When it comes to education, there is no win win. When the teachers win students lose.
And that’s what has happened in Detroit. Teacher win, students lose.
As reported by Christian Science Monitor,
An eight-month court battle – between Detroit’s struggling school district and teachers accused of inciting illegal strikes – ended Friday with a court decision in the teachers’ favor.
Two teachers won the months-long case against the school district because their protests were essentially political rather than work-related, Ann Zaniewski reported for the Detroit Free Press. The court decided that if teachers see politics as the cause of work-related problems, then complaints about those work conditions – even taking the form of intentional sick-outs – receive First Amendment protection.
A win for the teachers. A win for the teacher’s unions. But a loss for students.
Furthermore, aren’t all issues political? Couldn’t any employee use this same excuse? Let’s say that employees want to show up to work late, and decide to strike to prove their point? That’s political, is it not?
What’s most disturbing however is how this story is being covered. As if this is a win for students.
The article continues,
Through a series of “sick-outs” that forced more than half of schools to close in recent weeks, teachers “have effectively made the argument that we’re seeing a lack of accountability,” says Thomas Pedroni, a professor at Wayne State University in Michigan who has studied the impact of education policies in Detroit and the state.
According to the Wall Street Journal, teachers closed schools 14 times during the 2016 school year with strikes protesting the state’s emergency management of Detroit schools. Teachers are public servants, though one might not realize it these days. Knowing they enter careers with small pay and mostly for the satisfaction of molding minds, teachers used to accept their destinies. No more.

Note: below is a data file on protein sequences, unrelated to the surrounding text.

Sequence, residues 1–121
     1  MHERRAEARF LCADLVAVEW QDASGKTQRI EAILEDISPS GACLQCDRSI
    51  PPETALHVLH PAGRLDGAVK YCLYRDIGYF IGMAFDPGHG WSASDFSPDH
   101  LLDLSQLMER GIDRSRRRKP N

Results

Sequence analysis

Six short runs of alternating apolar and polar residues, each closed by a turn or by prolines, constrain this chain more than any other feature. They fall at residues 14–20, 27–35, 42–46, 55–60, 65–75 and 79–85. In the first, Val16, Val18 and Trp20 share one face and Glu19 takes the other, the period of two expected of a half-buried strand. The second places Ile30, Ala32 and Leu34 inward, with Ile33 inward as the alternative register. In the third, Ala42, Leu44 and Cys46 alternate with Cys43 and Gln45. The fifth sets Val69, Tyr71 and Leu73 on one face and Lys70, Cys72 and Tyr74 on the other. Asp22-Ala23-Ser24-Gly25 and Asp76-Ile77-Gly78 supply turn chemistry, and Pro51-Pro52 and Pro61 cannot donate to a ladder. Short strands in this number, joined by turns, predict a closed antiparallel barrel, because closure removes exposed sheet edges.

Despite an atrocious record in education, teacher want to make rock star money.
The union insisted the strikes brought attention to problems hurting teachers and students alike, and the issues were related to the buildings. Forget the days of the old non-air-conditioned school house. Teachers want luxury.
“If the ceilings are falling down, we sweep up, go back to business as usual,” said Ellen Morgan, a 2nd grade teacher at Spain Elementary Middle-School, to WXYZ Detroit in January.
So what exactly is “business as usual” for Detroit Public Schools? Where teachers win students lose.
According to Public School Review,
Detroit Public Schools have the worst test scores and graduation rates in the nation, but there are more problems plaguing the district. Learn about the internal conflict and dynamics that threaten the students’ future.
Detroit Public Schools’ students recently won the award of the worst math scores in the National Assessment of Educational Progress’ 40-year history. Couple the disheartening standardized test scores with the nation’s lowest graduation rate, according to NPR, and you have a public school system that has utterly failed its students.
With this stellar performance, it’s no wonder the teachers decided to sue for “political reasons.”